Thankfully, wisdom attaches to age, and it is one of the brightest gems in the treasure box of our later years.

Early on, everything that happens is new to us, and we respond with new sensations, emotions, reactions. As we age, that “shiny” aspect begins to dull, and eventually, we become beings of experience, better able to process, to understand, and, if we are lucky, to proffer our knowledge to those who are younger than us.

I’m currently in an awareness of how the intensities of my earlier years have shifted, along with my priorities. Rather than passionately follow the footlights or go on sea expeditions, I now find myself wanting comfort, good friendships, and ways to share the wisdom I have gained so that the world can be just a bit brighter.

If there is anything I miss about my young adult years, it is two things: the aliveness that came from the new experiences, and the challenges I encountered on my way to moments of “celebrity” and recognition within my social network.

Even now, in our own times, mature women can be more or less invisible. Their child-bearing and -rearing years behind them, their place in the traditional order of things is less clear. (In myth, the older  woman moves from invisible to downright evil, a malevolent witch or hag, someone on the outside, someone to be feared.) I think this was likely a deliberate construct, set into place by the same powers that would have preferred women generally to have lesser voices in our culture and happily, it is dying away – though the destruction of that construct could be quicker.

In the past decades women (while acknowledging there is still work to be done before we achieve full equality) have made tremendous strides, and we now have educations, our own money, our own agency to direct our lives as we see fit. In opposition to the evil witch, in folk tales, women are beginning to use the force of their knowledge gained from their accumulated experience to make a difference in their lives and in the lives of others.

Your movement through time has made you an older woman; nature itself needs you to be this thing. In the folktale of your life, you are not only the vessel for your own accumulated knowledge, but you are also a keeper and chronicler of the family tales, the one who was there for the births of the generation after you and the one after that, the one who has been there from the beginning.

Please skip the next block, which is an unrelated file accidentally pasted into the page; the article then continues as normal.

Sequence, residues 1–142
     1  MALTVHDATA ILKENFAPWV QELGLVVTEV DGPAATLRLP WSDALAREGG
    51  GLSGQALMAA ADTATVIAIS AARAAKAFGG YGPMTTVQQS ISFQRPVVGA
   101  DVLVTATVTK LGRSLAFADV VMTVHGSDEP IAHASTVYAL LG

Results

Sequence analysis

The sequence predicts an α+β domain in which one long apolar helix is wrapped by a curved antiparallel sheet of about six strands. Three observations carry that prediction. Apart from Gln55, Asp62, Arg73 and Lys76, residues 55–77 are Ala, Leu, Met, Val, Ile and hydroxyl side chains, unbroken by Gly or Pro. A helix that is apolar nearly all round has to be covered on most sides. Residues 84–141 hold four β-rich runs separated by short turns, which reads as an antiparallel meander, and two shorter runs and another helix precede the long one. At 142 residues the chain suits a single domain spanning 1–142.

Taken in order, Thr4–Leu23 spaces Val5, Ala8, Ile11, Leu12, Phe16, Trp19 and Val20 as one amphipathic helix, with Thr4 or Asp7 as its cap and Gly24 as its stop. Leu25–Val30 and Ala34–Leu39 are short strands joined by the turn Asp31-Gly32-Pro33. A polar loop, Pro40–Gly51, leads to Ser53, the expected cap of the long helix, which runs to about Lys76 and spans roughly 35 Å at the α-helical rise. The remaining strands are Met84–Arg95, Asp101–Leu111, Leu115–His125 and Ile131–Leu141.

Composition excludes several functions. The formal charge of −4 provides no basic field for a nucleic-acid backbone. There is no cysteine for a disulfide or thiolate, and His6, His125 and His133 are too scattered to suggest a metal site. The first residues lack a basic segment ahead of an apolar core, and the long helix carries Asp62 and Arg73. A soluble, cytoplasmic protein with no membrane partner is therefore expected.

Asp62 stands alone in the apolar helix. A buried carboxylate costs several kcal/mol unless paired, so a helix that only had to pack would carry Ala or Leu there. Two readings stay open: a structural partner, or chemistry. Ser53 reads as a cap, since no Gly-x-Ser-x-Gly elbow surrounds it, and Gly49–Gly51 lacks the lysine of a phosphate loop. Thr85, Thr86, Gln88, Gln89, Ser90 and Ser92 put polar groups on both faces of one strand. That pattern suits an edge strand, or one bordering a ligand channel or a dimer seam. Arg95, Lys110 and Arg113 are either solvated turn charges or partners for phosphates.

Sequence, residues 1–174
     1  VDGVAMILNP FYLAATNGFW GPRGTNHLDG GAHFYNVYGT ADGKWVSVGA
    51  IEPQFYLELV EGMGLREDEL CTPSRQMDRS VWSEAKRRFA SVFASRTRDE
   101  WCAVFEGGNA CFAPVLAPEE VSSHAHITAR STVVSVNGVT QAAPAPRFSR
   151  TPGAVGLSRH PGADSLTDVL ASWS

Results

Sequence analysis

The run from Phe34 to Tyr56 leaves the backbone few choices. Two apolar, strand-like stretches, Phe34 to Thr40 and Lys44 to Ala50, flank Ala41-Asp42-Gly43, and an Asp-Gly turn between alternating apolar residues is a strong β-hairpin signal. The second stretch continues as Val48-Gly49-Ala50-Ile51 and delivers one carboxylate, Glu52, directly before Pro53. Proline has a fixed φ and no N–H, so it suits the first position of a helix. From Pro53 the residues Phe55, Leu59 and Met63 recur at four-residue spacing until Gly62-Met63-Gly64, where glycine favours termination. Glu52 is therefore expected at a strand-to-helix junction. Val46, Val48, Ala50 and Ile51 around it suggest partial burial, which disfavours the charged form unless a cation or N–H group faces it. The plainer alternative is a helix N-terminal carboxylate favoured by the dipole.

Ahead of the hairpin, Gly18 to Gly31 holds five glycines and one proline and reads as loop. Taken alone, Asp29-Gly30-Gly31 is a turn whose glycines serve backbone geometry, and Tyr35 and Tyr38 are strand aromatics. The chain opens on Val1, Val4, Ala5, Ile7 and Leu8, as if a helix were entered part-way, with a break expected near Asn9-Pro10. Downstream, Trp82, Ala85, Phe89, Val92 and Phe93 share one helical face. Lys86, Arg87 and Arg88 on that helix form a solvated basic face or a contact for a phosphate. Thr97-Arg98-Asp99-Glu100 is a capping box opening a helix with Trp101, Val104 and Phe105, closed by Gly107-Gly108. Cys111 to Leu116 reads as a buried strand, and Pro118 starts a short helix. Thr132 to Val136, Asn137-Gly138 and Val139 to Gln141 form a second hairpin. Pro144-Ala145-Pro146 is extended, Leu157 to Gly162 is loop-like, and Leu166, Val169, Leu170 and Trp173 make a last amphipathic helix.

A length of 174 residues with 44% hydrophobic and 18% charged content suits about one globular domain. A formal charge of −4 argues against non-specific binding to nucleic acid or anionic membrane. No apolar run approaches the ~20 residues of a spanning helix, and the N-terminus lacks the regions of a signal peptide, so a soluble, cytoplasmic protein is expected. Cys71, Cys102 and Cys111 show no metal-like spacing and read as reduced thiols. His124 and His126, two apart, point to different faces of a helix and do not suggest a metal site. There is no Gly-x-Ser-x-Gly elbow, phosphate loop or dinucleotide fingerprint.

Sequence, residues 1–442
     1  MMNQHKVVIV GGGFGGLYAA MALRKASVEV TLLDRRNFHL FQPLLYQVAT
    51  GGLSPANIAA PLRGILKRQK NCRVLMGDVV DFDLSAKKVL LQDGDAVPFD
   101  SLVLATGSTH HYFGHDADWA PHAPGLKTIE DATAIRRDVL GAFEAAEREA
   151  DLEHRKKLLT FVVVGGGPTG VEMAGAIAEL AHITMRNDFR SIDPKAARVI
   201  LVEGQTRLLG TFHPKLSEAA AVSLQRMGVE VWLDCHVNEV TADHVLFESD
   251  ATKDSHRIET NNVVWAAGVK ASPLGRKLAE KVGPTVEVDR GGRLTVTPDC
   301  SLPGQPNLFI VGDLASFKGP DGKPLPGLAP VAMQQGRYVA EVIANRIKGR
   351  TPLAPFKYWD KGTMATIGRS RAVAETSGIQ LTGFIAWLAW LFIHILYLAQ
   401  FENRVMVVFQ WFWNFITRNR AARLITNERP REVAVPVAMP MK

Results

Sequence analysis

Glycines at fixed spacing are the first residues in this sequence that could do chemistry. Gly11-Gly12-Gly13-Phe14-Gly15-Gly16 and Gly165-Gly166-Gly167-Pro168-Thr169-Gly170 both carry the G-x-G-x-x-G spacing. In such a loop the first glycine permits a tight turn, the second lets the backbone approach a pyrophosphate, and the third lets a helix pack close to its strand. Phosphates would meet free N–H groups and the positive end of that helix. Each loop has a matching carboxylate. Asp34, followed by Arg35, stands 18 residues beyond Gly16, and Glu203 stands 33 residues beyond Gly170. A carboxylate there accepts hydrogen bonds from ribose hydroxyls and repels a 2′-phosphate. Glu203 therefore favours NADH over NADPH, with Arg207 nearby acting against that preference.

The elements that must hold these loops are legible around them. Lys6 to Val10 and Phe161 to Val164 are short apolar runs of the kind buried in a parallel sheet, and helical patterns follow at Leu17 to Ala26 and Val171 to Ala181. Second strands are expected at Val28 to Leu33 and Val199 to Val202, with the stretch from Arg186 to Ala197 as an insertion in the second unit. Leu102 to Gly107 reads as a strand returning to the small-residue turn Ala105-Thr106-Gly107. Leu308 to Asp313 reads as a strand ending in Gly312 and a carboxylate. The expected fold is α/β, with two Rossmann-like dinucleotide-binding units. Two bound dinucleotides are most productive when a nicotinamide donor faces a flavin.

All of this brings about a deep shift, a re-ordering of ourselves, how we see our place in our families and our communities, how our priorities change as our responsibilities change, how we think about the way we’ve shaped our worlds so far and what it is we’d still like to do in the time we have left. We think about that time left: it is growing shorter–as it has always done, but now our sense of that is more acute.

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This is a time when it is especially important to be present to yourself, your motivations and your desires.

Fear is a given, especially when we experience daily reminders via physical symptoms like our lovely locks of hair on the floor or unrelenting aches and pains getting in the way of our pleasure. While it is reasonable to have some fear about our changing bodies, what will you still do in your life? What matters?

Where could you focus and be in motion so that the passions in your soul remain ignited upon the landscape of your life? What can you still look forward to, what is there that needs to be done? If you give the boot to apathy and resignation and go within, you may discover what matters to you now, whether it be giving back, inventing something useful, healing family relationships, or going on a brilliant travel adventure.

In her poem The Summer Day, Mary Oliver asks us:

Tell me, what is it you plan to do
with your one wild and precious life?

Tell me: what do you plan to do with yours?

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